Maurice Blanchot Menulis Tentang Dostoyevsky
|Illustrasi Kreg Yingst|
Antara peristiwa paling penting dalam sastera Perancis pada abad kedua puluh ialah kemunculan Maurice Blanchot. Kehadirannya ialah ibarat gerhana dan pengalaman membaca sastera selepas itu ialah membaca di dalam gelap. Berjalan di waktu malam dengan sebelah tangan kita dibimbing oleh pelita yang kita terima di depan pintu rumah, tanpa mengetahui siapakah orang yang meninggalkannya.
Tapi ia akan ada di situ setiap malam. Setiap kali kita keluar di tengah malam untuk mencari ruang di dalam dunia sastera.
Saya tidak tahu jika Blanchot patut dipanggil seorang pengkritik, kerana kaedah pemikirannya lebih menyerupai seorang ahli falsafah. Tapi tidak dinafikan sistemnya - dunia dia bermain dan mencipta - ialah sastera. Segala-galanya tentang Blanchot memberitahu dia sangat mencintai sastera dan sangat memahami bagaimana makhluk bernama sastera ini boleh lahir dan hidup. Baiklah kita jangan panggil dia pengkritik: lebih sesuai ialah pujangga kesusasteraan. Atau kesatria hitam kesusasteraan. Tidak hairanlah jika Blacnhot bagaikan tidak wujud di Amerika dan England: sastera yang dilindungi oleh Blanchot ialah sastera kematian; iaitu sastera tanpa moraliti ketuhanan.
Kita boleh melihatnya dalam tulisan Blachot terhadap watak Kirilov dari novel Dostoyevsky berjudul Demons:
[dikutip dari buku Space of Literature]
It would seem that the most immediately pressing consequence of such an attitude is to make us wonder whether, among all the forms of death, there is not one which is more human, more mortal, and whether voluntary death is not perhaps an exemplary death. To take one's own life: is this not the shortest road from man to himself, from animal to man and, as Kirilov will add, from man to God? "I recommend my death to you, voluntary death, which comes to me because I want it to." "To eliminate oneself is the most praiseworthy of acts; it practically grants us the right to live." Natural death is death "in the most contemptible conditions, a death which is not free, which does not come when it should, a coward's death.Love of life should make us wish for an altogether different death, a free and conscious death,one which is no accident and holds no surprises." Nietzsche's words resound like an echo of liberty. One doesn't kill oneself, but one can. This is a marvelous resource. Without this supply of oxygen close at hand we would smother, we could no longer live. Having death within reach,docile and reliable, makes life possible, for it is exactly what provides air, space, free and joyful movement: it is possibility.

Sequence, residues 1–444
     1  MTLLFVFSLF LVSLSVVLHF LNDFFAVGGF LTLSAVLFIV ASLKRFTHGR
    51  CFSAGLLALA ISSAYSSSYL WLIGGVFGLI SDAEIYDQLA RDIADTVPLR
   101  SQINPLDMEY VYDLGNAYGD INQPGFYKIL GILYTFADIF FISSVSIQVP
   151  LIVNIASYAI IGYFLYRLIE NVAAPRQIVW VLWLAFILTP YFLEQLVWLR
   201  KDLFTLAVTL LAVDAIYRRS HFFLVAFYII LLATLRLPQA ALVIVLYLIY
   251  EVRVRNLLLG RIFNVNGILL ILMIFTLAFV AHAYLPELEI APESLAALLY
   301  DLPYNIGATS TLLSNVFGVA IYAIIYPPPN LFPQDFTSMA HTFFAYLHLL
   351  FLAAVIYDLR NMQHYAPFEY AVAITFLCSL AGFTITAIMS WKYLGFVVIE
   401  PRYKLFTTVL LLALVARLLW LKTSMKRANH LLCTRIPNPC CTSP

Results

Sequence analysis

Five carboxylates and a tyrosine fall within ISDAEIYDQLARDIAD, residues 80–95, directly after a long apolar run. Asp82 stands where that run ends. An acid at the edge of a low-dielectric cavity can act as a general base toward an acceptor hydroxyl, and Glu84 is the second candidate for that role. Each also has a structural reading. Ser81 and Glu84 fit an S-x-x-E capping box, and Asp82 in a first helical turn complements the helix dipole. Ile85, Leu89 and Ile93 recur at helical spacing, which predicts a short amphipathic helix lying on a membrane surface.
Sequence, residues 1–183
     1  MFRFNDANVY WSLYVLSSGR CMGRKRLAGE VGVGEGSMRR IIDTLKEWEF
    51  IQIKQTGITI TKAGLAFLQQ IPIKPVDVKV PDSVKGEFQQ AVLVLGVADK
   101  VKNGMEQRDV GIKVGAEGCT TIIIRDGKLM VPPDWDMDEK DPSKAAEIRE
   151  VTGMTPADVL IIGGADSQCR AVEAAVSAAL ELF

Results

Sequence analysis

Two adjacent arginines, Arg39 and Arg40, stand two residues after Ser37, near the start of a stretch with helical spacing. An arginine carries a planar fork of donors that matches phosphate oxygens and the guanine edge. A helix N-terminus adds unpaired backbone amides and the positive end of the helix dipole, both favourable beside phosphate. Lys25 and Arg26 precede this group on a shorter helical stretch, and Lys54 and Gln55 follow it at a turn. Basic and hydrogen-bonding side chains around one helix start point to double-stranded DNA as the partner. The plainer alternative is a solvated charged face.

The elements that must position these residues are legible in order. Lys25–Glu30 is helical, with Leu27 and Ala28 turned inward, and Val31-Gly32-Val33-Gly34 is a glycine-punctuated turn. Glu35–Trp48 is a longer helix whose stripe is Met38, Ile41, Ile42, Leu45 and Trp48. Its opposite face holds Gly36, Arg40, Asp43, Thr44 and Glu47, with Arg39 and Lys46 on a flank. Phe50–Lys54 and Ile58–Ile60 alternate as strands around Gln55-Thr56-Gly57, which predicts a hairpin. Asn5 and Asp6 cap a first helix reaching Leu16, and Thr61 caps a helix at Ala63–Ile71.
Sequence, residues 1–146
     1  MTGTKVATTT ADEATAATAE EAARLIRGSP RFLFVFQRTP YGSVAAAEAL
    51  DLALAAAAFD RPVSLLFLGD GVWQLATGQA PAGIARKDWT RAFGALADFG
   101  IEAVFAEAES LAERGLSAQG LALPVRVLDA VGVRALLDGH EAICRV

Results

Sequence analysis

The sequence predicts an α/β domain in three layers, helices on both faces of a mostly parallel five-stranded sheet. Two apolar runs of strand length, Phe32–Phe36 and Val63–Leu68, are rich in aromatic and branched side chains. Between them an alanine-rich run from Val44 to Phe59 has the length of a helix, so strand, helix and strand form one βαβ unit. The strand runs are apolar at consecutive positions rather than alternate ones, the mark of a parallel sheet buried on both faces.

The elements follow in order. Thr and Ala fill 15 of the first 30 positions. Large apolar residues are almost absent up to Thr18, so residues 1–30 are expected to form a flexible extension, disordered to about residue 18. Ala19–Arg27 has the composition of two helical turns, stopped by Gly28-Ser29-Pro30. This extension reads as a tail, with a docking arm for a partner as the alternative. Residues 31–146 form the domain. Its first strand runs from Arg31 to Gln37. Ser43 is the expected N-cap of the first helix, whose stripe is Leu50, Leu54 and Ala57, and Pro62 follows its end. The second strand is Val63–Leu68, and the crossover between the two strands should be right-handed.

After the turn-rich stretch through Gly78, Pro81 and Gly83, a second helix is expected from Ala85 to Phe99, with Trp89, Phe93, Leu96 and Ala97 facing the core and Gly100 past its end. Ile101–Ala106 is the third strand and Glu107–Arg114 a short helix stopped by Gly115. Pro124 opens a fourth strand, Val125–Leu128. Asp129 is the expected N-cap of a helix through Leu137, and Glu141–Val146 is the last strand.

Voluntary death appears to pose a moral problem: it accuses and it condemns; it makes a final judgment. Or else it seems a challenge in defiance of an exterior omnipotence. "I will kill myself to affirm my insubordination, my new and terrifying liberty." What is new in Kirilov's undertaking is that he not only considers himself to be rising up against God by taking his own life, but expects by so doing to prove the nonexistence of this God -- to prove it for himself just as he demonstrates it to others. As long as he has not killed himself, he himself does not know how this matter stands. Perhaps he is a believer, "having more faith even than a priest," suggests Dostoyevsky, apparently abandoning him to forlorn wanderings among contradictory feelings.Yet this remark is not inconsistent. On the contrary. For it is his preoccupation with God -- the urgency of his need to become certain about God's nonexistence -- that suggests suicide to Kirilov. Why suicide? If he dies freely, if he experiences and proves to himself his liberty in death and the liberty of his death, he will have attained the absolute. He will be that absolute. He will be absolutely man, and there will be no absolute outside of him. In fact more is involved here than a proof. In this obscure combat not only Kirilov's knowledge concerning the existence of God, but that existence itself is at stake. God is gambling his own existence in this freely chosen death which a resolute man takes upon himself. If someone becomes his own master even in death, master of himself through death, he will be master also of that omnipotence which makes itself felt by us through death, and he will reduce it to a dead omnipotence. Kirilov's suicide thus becomes the death of God. Hence his strange conviction that this suicide will inaugurate a new era, that it will mark the turning point in the history of humanity, and that, precisely, after him men will no longer need to kill themselves. His death, by making death possible, will have liberated life and rendered it wholly human.